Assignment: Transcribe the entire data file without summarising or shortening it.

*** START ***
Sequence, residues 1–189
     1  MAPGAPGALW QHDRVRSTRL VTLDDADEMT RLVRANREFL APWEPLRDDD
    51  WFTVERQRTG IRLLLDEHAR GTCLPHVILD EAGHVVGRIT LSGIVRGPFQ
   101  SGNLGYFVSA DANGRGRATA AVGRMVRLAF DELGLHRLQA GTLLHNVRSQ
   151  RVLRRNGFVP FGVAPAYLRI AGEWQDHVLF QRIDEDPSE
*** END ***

Sequence, residues 1–189
     1  MAPGAPGALW QHDRVRSTRL VTLDDADEMT RLVRANREFL APWEPLRDDD
    51  WFTVERQRTG IRLLLDEHAR GTCLPHVILD EAGHVVGRIT LSGIVRGPFQ
   101  SGNLGYFVSA DANGRGRATA AVGRMVRLAF DELGLHRLQA GTLLHNVRSQ
   151  RVLRRNGFVP FGVAPAYLRI AGEWQDHVLF QRIDEDPSE